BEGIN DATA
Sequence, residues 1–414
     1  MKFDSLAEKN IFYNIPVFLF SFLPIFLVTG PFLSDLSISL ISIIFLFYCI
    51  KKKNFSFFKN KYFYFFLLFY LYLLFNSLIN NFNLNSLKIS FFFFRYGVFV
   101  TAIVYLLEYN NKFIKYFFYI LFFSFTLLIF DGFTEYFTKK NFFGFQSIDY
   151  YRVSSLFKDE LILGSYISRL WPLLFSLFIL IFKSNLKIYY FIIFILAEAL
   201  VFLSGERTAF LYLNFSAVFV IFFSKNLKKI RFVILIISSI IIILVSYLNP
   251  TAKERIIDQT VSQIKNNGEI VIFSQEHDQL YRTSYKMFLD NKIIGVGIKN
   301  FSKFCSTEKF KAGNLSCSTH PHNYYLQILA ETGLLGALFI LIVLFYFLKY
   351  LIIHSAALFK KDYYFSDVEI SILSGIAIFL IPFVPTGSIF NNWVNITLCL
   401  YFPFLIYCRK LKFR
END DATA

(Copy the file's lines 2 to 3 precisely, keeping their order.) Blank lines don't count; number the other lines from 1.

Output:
     1  MKFDSLAEKN IFYNIPVFLF SFLPIFLVTG PFLSDLSISL ISIIFLFYCI
    51  KKKNFSFFKN KYFYFFLLFY LYLLFNSLIN NFNLNSLKIS FFFFRYGVFV